Description for Lycopus virginicus
Lycopus virginicus is a species of flowering plant in the mint family. This perennial wildflower more or less erect with an unbranched stem. The stem is light green, 4-angled, and slightly pubescent. Leaves are medium green, lanceolate-ovate to ovate, and serrated along their margins.
Dense clusters of numerous flowers occur in the axils of the leaves. Each flower is consisting of a light green calyx that is short-tubular with 4-5 teeth, a white corolla that is short-tubular with 4-5 tiny lobes, 2 stamens, and a pistil. The rather broad teeth of the calyx are triangular ovate. The stamens are more or less included with the corolla.
|Common name||Flower colours||Bloom time||Height||Difficulty|
|Virginia Bugleweed, Virginia water horehound, American water hoarhound, sweet bugleweed, water bugle, herb of carpenter, green archangel, purple archangel, betony of Paul, woodbetony, wolf foot||White||Midsummer||10 to 20 inches||Easy to grow|
Planting and care
This species adapts to many kinds of wetlands, whether they are in a degraded or high-quality state. Virginia Bugleweed will thrive in full sun to light shade, wet to consistently moist conditions, and any soil containing significant amounts of organic matter. Standing water is tolerated for short to intermediate periods of time.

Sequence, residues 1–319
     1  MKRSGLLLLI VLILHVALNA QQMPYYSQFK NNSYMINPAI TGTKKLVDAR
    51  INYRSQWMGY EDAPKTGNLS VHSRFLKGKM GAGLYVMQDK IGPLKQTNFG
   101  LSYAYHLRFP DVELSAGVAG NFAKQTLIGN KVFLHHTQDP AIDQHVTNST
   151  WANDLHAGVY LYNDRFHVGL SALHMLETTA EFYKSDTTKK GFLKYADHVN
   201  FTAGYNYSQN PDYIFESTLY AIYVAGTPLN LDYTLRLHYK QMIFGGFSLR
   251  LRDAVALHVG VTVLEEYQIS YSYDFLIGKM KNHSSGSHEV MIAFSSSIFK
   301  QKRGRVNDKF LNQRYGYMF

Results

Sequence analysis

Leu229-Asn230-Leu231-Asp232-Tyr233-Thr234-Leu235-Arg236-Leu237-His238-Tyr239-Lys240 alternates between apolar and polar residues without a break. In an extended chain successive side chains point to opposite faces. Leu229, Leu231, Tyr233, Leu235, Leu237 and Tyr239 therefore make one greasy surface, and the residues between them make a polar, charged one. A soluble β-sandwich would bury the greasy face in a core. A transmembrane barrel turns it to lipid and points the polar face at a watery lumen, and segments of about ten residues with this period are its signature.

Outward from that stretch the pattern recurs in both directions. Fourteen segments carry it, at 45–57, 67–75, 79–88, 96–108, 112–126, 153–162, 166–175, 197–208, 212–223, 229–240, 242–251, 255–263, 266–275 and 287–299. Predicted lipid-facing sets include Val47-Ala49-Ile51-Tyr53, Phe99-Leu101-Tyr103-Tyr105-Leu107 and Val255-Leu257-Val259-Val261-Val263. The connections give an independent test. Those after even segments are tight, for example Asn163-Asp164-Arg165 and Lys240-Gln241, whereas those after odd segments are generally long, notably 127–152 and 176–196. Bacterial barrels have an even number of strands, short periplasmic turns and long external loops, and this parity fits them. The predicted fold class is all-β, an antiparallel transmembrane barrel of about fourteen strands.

|Full Sun||Well-drained soil||Medium||-||Apply any organic fertilizer|
Caring for Lycopus virginicus
- Remove deadhead to prolong flowering.
- Maintain moderate soil moisture and fertilize lightly.
- The plant will die with the first frost.
Typical uses of Lycopus virginicus
Special features: The whole herb is used. It is slightly aromatic, with a mint-like odour and is used, fresh, when in flower, for the preparation of a tincture and a fluid extract, until recent years official in the United States Pharmacopoeia. It is also used dried for making an infusion.
Culinary use: NA
Ornamental use: The plant is used for an ornamental purpose.
Medicinal use: Sedative, astringent and mildly narcotic. Used in coughs, bleeding from the lungs and consumption. The infusion made from 1 OZ. of the dried herb to 1 pint of boiling water is taken in wineglassful doses, frequently, the fluid extract in doses of 10 to 30 drops, and the dry extract, Lycopin, in doses of 1 to 4 grains.
Note: Please consult your health expert.
- Lycopus virginicus. USDA PLANTS Profile.